The first thing you realize when you watch an Alex Ross Perry movie, is that he is one of the most purely talented directors working today. Most specifically, he is particularly gifted in the postmodern art of parsing through decades of past filmmaker’s work and combining the most pertinent images with a modern sensibility all his own. One superficial, but hugely telling, sign of this talent is how his movies might have the graphic and sonic quality of a seventies production, but take place in contemporary settings.
His latest Queen of Earth, like last year’s Listen Up Philip, starts out with tight handheld close-ups of its protagonist followed by a retro title card. Unlike Philip, which continued with a dynamic move of people storming in and out of heated arguments, this movie is confined to a single set, and finds Perry experimenting with static compositions as he delves into the more uncomfortable corners of his protagonist.
Considering the movie as a whole, the first shot becomes an announcement of the director’s intensions. In that first scene we get an extended close-up of Catherine (Elisabeth Moss), as she deals with the immediate ramifications of breaking up with her boyfriend. We later learn that they had developed a symbiotic relationship where there is no distinction between “you” and “I”, but it’s all a matter of “we.” Needless to say, Catherine is not taking the break-up very well, so she retreats to her best friend Virginia’s (Katherine Waterston) country house in upstate New York. That’s when things start to get really weird, and fantasy becomes reality as Catherine’s grief destroys her psyche.
Catherine is the center of practically every scene in the movie, as Perry dives into an increasingly microscopic examination of the character’s inner life. By the end, we are all but inside the character’s head, but that doesn’t make us understand her any better. If anything, we are more confused. The intense and spare score, and the extreme sound design disorient us. We don’t know what is real and what isn’t. We only see the flashing lights and the intense close-ups. Everything is as heightened and overwhelming as it is in Catherine’s head.
This proves to be a notably clever way to approach the material. Perry focuses ever so definitely on Catherine’s inner life, while Catherine is frenetically obsessed with the world around her, and especially with the way people perceive her. Not only has she just gone through a bad break-up, but the break-up came soon after the death of her father, who she was really close to. Now that both her lover and her father, the two defining people (men) in her life, have disappeared, this woman is completely undone. She is set free, and she doesn’t recognize herself. She is seeing the dark side of the world. How can she survive?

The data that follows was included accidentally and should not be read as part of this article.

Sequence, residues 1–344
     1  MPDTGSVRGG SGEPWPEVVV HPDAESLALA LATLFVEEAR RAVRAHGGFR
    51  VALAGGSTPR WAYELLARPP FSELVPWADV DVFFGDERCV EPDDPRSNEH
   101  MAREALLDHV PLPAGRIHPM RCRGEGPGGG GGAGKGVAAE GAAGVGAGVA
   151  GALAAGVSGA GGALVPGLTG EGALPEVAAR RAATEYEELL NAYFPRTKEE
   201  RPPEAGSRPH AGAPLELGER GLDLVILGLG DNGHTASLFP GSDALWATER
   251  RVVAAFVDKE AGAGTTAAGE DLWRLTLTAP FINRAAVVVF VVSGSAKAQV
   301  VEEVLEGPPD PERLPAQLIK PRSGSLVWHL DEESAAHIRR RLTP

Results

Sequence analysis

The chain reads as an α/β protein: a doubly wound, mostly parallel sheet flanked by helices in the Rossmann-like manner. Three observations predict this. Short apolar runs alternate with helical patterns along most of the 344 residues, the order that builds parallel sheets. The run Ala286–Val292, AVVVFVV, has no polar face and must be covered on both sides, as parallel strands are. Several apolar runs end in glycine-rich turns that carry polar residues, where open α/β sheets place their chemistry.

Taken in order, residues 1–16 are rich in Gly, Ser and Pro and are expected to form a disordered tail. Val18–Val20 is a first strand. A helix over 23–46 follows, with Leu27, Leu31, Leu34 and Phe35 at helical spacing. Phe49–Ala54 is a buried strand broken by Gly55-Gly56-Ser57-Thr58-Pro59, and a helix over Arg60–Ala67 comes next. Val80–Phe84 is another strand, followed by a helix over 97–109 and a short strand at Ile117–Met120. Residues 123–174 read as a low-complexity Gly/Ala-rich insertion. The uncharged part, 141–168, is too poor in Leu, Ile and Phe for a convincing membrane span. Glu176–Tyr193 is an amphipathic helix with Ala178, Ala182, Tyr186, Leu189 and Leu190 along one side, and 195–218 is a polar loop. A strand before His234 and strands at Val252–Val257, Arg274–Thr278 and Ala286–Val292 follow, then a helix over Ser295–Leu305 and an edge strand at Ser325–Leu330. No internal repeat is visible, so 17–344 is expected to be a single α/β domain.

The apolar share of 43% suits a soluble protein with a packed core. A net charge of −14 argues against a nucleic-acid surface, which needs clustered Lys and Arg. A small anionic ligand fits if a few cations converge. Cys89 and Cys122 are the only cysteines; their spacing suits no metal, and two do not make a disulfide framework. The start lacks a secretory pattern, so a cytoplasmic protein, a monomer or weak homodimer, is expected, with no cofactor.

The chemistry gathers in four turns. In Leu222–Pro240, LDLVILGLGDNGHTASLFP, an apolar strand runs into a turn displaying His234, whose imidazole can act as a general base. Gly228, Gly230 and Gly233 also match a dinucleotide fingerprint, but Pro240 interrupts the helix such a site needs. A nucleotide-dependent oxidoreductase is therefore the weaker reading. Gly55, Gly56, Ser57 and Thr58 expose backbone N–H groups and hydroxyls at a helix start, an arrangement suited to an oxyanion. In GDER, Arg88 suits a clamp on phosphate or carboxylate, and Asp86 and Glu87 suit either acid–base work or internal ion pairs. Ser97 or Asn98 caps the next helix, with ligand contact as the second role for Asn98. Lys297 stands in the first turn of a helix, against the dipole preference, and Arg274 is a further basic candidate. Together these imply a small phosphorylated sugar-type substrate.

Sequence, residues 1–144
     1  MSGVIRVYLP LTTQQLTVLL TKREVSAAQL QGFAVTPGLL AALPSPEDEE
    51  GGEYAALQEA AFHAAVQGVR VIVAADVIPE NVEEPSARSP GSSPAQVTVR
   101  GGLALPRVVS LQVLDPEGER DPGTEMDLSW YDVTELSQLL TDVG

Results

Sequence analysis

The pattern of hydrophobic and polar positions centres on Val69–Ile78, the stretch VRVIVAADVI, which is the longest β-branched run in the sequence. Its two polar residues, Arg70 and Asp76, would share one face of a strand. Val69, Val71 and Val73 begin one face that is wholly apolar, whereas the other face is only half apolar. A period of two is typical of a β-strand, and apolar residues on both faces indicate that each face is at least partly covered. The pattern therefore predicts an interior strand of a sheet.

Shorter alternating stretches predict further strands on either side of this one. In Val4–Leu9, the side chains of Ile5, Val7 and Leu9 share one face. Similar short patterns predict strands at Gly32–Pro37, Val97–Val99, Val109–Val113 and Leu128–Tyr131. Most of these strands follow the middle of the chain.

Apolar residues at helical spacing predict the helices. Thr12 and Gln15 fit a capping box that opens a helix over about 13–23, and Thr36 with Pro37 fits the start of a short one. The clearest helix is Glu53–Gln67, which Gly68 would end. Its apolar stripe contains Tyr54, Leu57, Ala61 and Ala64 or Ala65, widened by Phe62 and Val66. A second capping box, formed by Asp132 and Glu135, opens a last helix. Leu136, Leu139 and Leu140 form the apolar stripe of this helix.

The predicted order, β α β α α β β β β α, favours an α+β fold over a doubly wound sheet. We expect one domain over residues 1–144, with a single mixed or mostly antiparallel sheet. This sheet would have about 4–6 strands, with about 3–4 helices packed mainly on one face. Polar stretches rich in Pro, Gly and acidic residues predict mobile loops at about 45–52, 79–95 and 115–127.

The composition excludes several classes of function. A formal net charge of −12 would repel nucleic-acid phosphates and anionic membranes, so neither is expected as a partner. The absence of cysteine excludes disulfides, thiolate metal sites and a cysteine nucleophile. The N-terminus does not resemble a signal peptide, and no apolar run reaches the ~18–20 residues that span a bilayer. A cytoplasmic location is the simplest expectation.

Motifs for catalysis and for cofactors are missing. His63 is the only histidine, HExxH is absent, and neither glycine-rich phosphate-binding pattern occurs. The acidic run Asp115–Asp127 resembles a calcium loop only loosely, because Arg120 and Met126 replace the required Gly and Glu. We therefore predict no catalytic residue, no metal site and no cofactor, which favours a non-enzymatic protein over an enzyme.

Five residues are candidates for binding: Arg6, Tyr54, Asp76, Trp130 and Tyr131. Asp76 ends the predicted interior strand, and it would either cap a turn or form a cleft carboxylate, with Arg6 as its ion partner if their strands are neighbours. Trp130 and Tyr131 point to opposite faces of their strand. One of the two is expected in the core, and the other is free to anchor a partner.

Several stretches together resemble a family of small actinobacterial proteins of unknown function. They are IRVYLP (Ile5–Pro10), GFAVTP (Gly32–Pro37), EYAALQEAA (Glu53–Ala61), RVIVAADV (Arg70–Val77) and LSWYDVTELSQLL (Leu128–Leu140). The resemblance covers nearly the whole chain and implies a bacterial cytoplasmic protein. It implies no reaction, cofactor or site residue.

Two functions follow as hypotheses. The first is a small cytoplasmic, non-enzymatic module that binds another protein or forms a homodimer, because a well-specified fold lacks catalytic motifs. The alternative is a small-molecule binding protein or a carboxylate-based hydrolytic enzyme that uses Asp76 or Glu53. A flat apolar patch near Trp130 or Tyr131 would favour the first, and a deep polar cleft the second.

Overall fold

In strictly aesthetic terms, I prefer Perry’s previous movie. Queen of Earth can often feel very slow, but it will be a rewarding experience for any viewer who get a kick out of analyzing specific shots, lines of dialogue, and other such details. It’s a movie whose true nature will only reveal itself after one sits down to think what it all really means. In contrast, Listen Up Philip played with a very entertaining (if sometimes painful) approach to comedy, which is not to say there is no comedy in Queen of Earth. In fact, there are long stretches during which the movie plays as much as a dark comedy as anything else.
In the lead role, Moss gives one of the best performances of the year, and she is particularly great during these “comedic” sequences. Her timing is flawless (helped perhaps by her seven year tenure on Mad Men), and as intensely convincing as she is in her more dramatic breakdown scenes, she is even more impressive when she dives head-on into the darkest, most perverted lines of Perry’s screenplay. Her psychotic delivery is reminiscent, in how hilarious and poignant it manages to be at the same time, to the kind of humor we saw earlier this year in the equally impressive The Duke of Burgundy.
I would be lying if I didn’t say that Queen of Earth sometimes feels more like an exercise than it does a well-rounded movie. The meanings and implications of what exactly is being said seem a little too obtuse for my taste. That being said, you couldn’t find a more successful exercise than this one. If this was meant to be a showcase for Moss and Perry’s talent, then they have crafted themselves one of the most impressive calling cards I have ever seen. And even if I find the movie too murky right now, I should keep in my mind how fast and exponentially Listen Up Philip grew in my estimation in the months after I first saw it.
Grade: 7 out of 10